The Classic yachts put on a show in the gulf
A limpid air, a quivering gulf and a fine, predominantly easterly wind created a wonderful display along the incredibly photogenic shores around Saint Tropez that provide the perfect backdrop for the majestic 120 Classic yachts. The enchanting spectacle of the gaff and Bermudan rigs making headway under sail has been captured by hundreds of international photographers. Stars among the stars were the 20 splendid craft penned by the master himself William Fife. Gathered together under the Fife Jubilee banner, all eyes were on this group throughout this fine week in Saint Tropez. The 1908 gaff cutter Viola, helmed by the French Mini sailor Fabien Desprée, ultimately triumphed to secure the highly coveted Rolex Trophy after a fantastic face-off against the speedy Swiss 8 m JI Carron II and the sublime 1898 cutter Kismet. Hispania bagged a creditworthy 6th place within this star group to finish ahead of the other three 15 m JIs.
Thank you André
For the past 18 years, his commanding figure has controlled play behind the scenes as well as at the head of the organisation for Les Voiles de Saint-Tropez. Last winter, André Beaufils entrusted the helm of the Société Nautique de Saint-Tropez to Tony Oller. However, he remains Les Voiles’ biggest fan and hopes to see the event evolve further with a single credo, ensuring the racers have fun. “I had an absolute ball for 18 years. I scrupulously adhered to what appeared to me to be Patrice de Colmont’s spirit and concept, namely fair play on the water, and conviviality on shore; the only driver for everyone being fun and certainly not profit! I’ve added my modest contribution and the machine that turns Les Voiles is still in place. It’s over to Tony now to add his personal touch. I hope to have passed on to him this spirit we so cherish, which is the polar-opposite of mercenary. The festival exists thanks to the racers, who continue to come along in force, as is evidenced by the waiting list. I’m not worried about what Les Voiles has been before; Les Voiles will be and that in itself makes me very happy.”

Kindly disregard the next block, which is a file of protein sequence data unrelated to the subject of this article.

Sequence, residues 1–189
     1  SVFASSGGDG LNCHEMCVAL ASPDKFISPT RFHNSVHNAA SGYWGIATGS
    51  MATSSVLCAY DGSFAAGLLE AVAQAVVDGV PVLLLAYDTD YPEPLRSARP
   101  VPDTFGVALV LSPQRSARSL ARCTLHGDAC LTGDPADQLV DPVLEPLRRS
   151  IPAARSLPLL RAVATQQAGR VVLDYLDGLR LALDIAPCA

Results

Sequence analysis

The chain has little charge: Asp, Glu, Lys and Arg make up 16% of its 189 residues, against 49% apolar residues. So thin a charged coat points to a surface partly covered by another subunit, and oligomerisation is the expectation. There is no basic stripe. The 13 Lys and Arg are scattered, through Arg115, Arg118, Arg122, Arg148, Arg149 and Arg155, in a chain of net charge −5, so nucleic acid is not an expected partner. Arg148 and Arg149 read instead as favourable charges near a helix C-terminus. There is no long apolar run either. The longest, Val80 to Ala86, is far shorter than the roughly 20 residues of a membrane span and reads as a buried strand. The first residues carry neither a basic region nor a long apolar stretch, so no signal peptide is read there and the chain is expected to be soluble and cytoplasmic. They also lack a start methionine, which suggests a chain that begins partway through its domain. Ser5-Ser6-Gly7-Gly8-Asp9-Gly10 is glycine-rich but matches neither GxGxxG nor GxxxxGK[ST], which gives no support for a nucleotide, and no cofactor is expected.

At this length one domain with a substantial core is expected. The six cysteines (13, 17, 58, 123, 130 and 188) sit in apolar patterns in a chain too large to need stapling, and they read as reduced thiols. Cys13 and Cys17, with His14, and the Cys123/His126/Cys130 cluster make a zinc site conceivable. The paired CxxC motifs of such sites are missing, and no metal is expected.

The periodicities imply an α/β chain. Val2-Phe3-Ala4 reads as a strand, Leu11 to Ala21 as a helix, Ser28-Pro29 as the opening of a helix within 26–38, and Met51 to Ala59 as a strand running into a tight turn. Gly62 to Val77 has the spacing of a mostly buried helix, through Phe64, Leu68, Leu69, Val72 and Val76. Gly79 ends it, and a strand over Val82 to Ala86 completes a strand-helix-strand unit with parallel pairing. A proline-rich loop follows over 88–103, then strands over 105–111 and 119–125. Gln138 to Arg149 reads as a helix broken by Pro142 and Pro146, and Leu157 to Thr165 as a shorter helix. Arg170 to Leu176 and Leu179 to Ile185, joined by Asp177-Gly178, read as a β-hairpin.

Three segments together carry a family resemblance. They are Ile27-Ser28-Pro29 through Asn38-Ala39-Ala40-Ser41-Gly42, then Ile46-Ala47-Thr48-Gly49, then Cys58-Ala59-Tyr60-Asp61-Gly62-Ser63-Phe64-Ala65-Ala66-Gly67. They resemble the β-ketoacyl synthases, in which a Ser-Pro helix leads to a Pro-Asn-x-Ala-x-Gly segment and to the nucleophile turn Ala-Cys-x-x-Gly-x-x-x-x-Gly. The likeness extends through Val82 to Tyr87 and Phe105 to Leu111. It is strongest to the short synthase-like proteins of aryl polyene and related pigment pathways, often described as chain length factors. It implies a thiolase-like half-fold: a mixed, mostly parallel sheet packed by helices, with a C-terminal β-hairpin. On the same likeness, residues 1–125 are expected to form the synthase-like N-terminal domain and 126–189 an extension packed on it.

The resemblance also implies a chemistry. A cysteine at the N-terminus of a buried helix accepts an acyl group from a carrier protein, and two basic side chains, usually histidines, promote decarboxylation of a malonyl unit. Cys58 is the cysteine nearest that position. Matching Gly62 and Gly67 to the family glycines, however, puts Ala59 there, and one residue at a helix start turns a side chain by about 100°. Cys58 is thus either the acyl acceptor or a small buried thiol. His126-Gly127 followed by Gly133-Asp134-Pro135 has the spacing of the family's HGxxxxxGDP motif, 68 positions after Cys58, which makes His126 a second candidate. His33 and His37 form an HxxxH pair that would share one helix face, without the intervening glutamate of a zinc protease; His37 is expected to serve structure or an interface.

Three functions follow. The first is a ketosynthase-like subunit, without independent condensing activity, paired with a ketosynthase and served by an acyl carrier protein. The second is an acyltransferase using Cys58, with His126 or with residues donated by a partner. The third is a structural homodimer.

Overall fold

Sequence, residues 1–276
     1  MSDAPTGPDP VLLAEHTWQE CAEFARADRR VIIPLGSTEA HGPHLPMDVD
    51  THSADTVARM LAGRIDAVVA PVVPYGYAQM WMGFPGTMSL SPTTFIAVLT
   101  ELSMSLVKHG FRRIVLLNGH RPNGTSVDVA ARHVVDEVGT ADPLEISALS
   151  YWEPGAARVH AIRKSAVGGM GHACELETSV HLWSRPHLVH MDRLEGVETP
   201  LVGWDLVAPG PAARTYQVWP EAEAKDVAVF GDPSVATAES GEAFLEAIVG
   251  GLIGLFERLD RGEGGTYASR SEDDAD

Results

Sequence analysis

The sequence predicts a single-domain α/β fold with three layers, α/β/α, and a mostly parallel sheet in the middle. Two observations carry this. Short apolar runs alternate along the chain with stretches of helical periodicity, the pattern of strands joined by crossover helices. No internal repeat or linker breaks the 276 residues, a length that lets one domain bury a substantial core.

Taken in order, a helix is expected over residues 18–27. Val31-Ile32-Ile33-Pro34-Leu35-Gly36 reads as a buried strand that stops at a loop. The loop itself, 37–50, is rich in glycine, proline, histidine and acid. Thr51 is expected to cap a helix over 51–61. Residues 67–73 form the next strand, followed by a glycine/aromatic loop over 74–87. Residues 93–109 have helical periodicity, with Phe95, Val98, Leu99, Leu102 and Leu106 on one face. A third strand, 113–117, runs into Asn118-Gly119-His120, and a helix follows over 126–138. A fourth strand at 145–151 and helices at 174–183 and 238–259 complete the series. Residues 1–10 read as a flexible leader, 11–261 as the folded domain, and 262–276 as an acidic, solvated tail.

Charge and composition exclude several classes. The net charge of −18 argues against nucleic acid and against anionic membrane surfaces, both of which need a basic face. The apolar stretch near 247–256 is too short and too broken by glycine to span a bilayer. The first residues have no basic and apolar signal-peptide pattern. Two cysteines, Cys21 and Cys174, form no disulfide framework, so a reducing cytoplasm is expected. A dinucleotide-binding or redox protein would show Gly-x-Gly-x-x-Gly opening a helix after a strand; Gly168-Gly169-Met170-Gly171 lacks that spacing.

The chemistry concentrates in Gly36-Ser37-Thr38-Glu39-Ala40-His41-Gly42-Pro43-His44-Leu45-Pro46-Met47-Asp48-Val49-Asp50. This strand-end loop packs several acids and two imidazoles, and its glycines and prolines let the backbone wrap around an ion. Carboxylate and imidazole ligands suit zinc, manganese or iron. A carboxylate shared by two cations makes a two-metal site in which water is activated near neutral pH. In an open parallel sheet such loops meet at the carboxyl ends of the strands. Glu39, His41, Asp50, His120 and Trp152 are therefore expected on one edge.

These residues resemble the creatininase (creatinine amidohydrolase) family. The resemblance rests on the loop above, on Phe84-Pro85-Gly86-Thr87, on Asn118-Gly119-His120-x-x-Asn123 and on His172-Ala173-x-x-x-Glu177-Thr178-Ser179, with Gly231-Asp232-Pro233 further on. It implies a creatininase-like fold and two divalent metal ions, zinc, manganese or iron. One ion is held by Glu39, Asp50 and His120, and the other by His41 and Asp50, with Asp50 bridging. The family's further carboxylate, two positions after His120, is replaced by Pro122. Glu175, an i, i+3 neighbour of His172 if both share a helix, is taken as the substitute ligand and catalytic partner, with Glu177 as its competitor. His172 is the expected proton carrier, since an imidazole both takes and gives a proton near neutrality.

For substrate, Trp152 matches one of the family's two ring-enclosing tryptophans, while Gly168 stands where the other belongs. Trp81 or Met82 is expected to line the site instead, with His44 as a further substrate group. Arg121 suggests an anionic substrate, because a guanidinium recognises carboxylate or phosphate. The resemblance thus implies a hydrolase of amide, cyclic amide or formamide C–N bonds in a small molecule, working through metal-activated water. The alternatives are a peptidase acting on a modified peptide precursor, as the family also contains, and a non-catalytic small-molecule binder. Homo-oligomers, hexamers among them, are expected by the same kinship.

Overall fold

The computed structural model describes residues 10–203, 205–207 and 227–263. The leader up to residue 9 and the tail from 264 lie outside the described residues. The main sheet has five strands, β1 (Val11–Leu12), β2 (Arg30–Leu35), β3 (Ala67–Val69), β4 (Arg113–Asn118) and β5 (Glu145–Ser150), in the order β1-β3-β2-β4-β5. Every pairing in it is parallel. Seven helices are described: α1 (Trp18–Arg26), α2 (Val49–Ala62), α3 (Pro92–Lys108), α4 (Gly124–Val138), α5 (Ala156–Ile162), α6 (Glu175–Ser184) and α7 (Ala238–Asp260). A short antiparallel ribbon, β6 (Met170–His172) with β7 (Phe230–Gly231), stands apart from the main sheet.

The wrap from Georges Kohrel: “With 300 yachts in the gulf, if one boat sank, the crew could return to Saint Tropez by foot…”
Sidney Gavignet, Stiren (Sparkman&Stephens 1963): Just a few weeks prior to the start of the Route du Rhum race from Northern France to the West Indies, which he’ll be contesting on his 52-footer Café Joyeux in the “Rhum Mono” class, Sidney Gavignet has given himself a welcome break for a spot of yachting in Saint Tropez. He’s helming the Bermudan yawl Stiren, with a crew of informed amateurs. “I haven’t raced in Les Voiles for ages. From my position as helmsman, I have the time to benefit from the spectacle. It’s an exceptional event. I love coming across a number of French and overseas sailors with a background in offshore racing like me. The mixture of genres and experiences is really interesting…”
Prize-giving for everyone is on Sunday, 7th October, from 11h00.
by Maguelonne Turcat